British athletics great Roger Bannister dies aged 88

British athletics great Roger Bannister dies aged 88

Roger Bannister, the British athlete famed as the first man in history to run the four-minute mile, has died at the age of 88.

On May 6, 1954, Bannister became the first man to break the four-minute mile when he ran it in 3:59.4 seconds at a sports ground in Oxford. Bannister's record time only stood for 46 days before being broken by Australian runner John Landy, but Bannister's accomplishment forever changed the perception of what was possible in distance running.

Bannister also won gold at the Commonwealth Games in Vancouver later that year before retiring from athletics to pursue medical studies full-time.

Bannister was diagnosed with Parkinson's disease in 2011.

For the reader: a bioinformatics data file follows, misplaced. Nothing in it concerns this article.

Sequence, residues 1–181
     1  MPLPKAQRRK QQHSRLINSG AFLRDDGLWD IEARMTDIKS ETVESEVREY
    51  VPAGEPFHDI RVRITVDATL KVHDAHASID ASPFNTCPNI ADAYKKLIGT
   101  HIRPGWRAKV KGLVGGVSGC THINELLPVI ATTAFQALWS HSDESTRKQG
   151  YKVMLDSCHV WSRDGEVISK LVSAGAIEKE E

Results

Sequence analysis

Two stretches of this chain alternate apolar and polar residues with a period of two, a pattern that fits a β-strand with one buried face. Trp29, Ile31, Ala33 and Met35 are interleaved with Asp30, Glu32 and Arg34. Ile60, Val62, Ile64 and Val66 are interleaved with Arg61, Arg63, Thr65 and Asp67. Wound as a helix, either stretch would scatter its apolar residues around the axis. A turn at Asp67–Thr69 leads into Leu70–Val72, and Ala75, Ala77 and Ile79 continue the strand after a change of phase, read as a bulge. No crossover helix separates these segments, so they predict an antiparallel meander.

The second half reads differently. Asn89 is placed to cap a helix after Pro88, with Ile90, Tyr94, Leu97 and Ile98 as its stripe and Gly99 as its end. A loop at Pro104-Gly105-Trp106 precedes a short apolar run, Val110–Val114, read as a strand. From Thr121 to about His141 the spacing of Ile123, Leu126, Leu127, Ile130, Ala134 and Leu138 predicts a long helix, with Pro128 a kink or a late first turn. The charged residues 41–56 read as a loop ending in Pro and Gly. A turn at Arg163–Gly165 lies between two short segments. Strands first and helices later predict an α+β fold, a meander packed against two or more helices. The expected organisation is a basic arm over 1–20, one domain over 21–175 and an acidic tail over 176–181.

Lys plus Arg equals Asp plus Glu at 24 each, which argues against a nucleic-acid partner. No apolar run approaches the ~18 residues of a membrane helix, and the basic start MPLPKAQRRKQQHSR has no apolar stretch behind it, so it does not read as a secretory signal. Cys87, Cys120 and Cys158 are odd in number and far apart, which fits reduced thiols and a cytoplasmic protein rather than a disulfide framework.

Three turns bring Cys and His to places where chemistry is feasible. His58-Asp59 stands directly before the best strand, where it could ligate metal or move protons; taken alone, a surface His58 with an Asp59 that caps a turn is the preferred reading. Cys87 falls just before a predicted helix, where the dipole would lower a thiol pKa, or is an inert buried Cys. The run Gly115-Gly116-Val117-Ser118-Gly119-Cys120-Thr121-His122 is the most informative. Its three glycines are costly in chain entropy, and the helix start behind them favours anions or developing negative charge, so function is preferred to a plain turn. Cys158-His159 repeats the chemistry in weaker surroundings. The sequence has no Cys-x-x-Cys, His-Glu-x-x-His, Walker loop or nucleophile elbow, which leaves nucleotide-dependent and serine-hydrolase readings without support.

"He banked his treasure in the heart of his friends".

"On May 6, 1954, Roger made the impossible possible", Coe, now the president of athletics' world governing body the IAAF, said on iaaf.org.

Lord Coe, who followed in Bannister's footsteps by breaking the mile world record three times, paid tribute to an inspirational man, describing him as a "giant".

British Prime Minister Theresa May led the tributes to the former athlete.

But Bannister's achievement has continued to inspire athletics enthusiasts, with the shoes he wore to break the four-minute barrier selling for a record.

What he achieved in medicine always took precedence over athletics for Bannister but for most, the abiding image of him will be that of him breaking the tape in Oxford to set a new benchmark in front of astonished onlookers.

Globally, too, Bannister's legacy was enduring with the great USA sprinter Michael Johnson crediting him as the inspiration behind his ground-breaking bid to combine the 200 and 400 metres.

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